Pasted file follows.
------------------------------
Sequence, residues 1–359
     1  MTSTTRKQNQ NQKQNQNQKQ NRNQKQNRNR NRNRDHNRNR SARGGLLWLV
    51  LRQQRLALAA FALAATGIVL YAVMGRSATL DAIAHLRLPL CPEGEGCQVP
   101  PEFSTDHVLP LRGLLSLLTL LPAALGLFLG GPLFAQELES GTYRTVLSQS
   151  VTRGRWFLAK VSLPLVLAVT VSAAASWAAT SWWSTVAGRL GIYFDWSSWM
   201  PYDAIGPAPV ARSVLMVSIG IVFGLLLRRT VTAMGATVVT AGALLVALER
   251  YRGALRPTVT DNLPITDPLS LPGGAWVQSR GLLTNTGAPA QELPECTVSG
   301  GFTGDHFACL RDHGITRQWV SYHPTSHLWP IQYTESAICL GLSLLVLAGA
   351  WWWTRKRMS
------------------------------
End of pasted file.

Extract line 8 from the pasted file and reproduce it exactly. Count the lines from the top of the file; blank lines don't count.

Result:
   301  GFTGDHFACL RDHGITRQWV SYHPTSHLWP IQYTESAICL GLSLLVLAGA